Creecy reiterates South Africa’s commitment to reducing food waste, plastic pollution

23rd March 2022 By: Marleny Arnoldi - Deputy Editor Online

Creecy reiterates South Africa’s commitment to reducing food waste, plastic pollution

Photo by: Bloomberg

Forestry, Fisheries and the Environment Minister Barbara Creecy on March 23 said this was a vital year in the implementation of the Extended Producer Responsibility (EPR) scheme for packaging products.

The EPR is a policy approach, originally published in November 2020, under which producers are given significant responsibility – financial and/or physical – for the treatment or disposal of post-consumer products.

Addressing delegates at a closing event of the Food and Packaging Waste Prevention and Reduction Initiative, the Minister reflected on South Africa’s progress made towards achieving the United Nations’ Sustainable Development Goal (SDG) 12.3 – reducing food loss and waste by 50% by 2030.

Creecy mentioned how the Covid-19 pandemic had aggravated already existing food production and consumption challenges in South Africa, but also provided opportunities to rethink practices as consumer buying habits changed and global supply chains had been disrupted.

South Africa generated about 55-million tonnes of general waste in 2018, of which 19-million tonnes comprised organic waste, including food waste.

The Food and Packaging Waste Prevention and Reduction Initiative seeks to address food security from the perspective of avoiding food waste. Food loss and waste is a recognised global issue which is also affecting South Africa.

According to the Department of Science of Innovation and the Council for Scientific and Industrial Research, an estimated 10.3-million tonnes of food and beverages, which is about 34.3% of local food production, is wasted in South Africa every year, amounting to R61.5-billion a year.

“While our country has these shocking food waste statistics, we also have a problem of acute food insecurity. The Integrated Food Security Phase Classification is a common global scale for classifying the severity and magnitude of food insecurity and malnutrition.

“Globally, indications are that around 800-million people are undernourished. It is concerning that, in 2020, 9.34-million people in South Africa suffered from acute food insecurity and urgent action is required to reduce food gaps and protect livelihoods, according to Integrated Food Security Phase Classification,” Creecy stated.

She stressed that this required urgent intervention. South Africa’s deteriorating food security was mainly driven by the Covid-19 pandemic, high food prices, drought and economic decline in recent years.

Statistics South Africa indicates that almost 20% of South African households have inadequate access to food.

During the launch of the South African Food Loss and Waste Voluntary Agreement last year, Creecy mentioned that government was reviewing existing legislation and developing new policy instruments for better management of waste and to encourage and inspire innovation in the waste management and food production sectors.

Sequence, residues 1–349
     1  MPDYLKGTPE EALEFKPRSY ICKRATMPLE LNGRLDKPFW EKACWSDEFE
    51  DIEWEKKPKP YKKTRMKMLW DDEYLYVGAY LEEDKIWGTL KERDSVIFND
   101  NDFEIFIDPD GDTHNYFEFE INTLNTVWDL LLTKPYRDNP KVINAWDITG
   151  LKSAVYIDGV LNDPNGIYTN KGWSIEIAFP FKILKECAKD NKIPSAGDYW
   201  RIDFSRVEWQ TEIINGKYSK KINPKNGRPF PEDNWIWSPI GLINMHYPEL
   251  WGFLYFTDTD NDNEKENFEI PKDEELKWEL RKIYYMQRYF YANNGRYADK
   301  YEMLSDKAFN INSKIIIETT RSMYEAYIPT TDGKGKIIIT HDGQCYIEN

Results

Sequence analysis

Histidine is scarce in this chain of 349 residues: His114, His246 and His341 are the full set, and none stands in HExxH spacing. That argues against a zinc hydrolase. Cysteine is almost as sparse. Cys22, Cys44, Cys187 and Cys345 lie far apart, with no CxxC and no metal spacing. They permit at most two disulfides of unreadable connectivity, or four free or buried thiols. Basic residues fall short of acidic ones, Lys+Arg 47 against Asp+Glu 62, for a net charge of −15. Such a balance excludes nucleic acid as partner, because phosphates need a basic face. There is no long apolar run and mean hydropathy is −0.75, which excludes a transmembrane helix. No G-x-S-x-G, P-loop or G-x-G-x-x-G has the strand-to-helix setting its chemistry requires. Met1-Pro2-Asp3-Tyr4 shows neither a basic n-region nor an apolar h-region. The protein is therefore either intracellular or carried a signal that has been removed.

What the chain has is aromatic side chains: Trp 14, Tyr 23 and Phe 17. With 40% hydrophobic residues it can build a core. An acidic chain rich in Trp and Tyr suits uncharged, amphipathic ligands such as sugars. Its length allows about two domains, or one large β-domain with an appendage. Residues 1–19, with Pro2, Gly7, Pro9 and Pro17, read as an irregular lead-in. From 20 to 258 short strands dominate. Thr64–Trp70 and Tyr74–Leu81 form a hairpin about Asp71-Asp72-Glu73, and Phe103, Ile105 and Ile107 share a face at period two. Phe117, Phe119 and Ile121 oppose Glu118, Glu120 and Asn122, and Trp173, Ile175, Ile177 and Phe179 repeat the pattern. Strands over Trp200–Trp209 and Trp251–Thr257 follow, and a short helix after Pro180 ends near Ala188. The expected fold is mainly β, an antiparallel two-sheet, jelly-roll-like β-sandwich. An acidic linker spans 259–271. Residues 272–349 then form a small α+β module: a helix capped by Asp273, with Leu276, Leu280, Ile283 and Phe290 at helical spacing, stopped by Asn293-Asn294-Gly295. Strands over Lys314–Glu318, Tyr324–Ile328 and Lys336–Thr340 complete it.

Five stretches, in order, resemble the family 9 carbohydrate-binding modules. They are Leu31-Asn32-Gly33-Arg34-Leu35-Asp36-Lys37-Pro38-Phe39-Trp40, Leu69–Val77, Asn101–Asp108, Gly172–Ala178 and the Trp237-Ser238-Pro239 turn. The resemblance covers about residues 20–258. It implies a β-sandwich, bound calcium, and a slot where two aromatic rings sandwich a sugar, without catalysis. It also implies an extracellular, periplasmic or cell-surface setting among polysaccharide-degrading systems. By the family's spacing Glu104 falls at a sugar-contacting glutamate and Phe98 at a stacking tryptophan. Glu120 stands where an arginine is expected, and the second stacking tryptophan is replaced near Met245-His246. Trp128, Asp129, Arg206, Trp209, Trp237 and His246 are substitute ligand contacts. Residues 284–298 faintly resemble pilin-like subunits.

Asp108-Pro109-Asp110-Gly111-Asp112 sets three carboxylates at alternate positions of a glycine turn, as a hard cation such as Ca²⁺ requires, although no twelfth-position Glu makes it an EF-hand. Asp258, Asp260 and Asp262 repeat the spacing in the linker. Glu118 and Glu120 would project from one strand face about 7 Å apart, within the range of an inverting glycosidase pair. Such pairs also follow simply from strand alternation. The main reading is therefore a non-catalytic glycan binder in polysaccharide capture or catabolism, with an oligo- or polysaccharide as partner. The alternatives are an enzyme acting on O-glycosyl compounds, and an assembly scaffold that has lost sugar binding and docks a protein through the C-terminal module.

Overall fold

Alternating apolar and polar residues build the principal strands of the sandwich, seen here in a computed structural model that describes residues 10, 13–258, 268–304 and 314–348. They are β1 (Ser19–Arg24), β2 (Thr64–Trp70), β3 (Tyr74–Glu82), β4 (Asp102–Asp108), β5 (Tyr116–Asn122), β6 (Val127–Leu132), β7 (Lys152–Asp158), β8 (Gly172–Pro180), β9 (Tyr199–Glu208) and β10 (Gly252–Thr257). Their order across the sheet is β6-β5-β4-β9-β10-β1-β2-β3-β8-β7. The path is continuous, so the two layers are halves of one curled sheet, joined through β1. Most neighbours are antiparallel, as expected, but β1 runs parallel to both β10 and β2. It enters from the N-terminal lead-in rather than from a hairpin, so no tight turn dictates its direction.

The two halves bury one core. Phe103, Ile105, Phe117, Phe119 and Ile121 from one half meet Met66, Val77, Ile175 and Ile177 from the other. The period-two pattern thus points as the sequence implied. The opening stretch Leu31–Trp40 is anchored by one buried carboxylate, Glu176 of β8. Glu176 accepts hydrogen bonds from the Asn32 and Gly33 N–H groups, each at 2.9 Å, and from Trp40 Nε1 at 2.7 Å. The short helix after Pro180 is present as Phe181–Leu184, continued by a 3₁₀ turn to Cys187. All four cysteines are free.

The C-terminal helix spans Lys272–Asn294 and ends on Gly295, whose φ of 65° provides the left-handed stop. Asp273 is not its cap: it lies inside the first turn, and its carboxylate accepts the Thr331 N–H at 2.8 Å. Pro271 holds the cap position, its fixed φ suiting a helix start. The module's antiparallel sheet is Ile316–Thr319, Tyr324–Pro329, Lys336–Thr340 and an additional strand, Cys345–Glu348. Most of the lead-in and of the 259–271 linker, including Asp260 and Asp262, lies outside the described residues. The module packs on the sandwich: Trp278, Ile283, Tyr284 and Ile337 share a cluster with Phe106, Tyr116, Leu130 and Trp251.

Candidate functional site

“In March, we also took a decision with other member States at the fifth session of the United Nations Environment Assembly (held late in February) to curb plastic pollution.

“However, as a department, we realise that we need to ensure that the transition for plastic packaging is phased, and that the circumstances of the domestic plastic industry are addressed, as there are close linkages with the food industry.

“We commit to working with stakeholders to ensure pollution is addressed and food waste reduced.”

In South Africa, the National Waste Management Strategy (NWMS) 2020, as part of government’s strategic priority to minimise waste to landfill by 45% by 2025,  identified food waste and loss as a critical area that required intervention.

Therefore, as a direct response to NWMS 2020, SDG: 12 and government priorities as a whole, a Draft Food Loss and Waste Strategy is under development.

The strategy aims to increase awareness of the impact of food waste. It will align with chemicals and waste economy initiatives, strongly integrate different disciplinary perspectives and best practices, and map out the determinants of food waste generation to deepen the understanding of household practices and help design food waste prevention strategies.

Creecy encouraged all key stakeholders in the food value chain to participate in the development of this strategy for reducing food losses and waste, which will, in turn, inform effective and efficient food waste management solutions and contribute to economic growth.

Meanwhile, food and beverage waste also has a significant impact on the environment, as methane – a greenhouse gas (GHG) – is produced when food spoils. 

Creecy said South Africa remained committed to achieving the SDGs, especially around food waste. 

Globally, food loss and waste represent 8% of anthropogenic GHG emissions, or 4.4 gigatons of carbon dioxide equivalent annually, offering opportunity for meaningful reductions.

“Given the Constitutional obligation to protect the environment from pollution, the Ministry of Forestry, Fisheries and the Environment is a strategic partner in this initiative,” Creecy noted.

Importantly, in the face of climate change and increasing temperatures and water scarcity, reducing food waste also has a significant role to play in South Africa’s transition to a low-carbon society.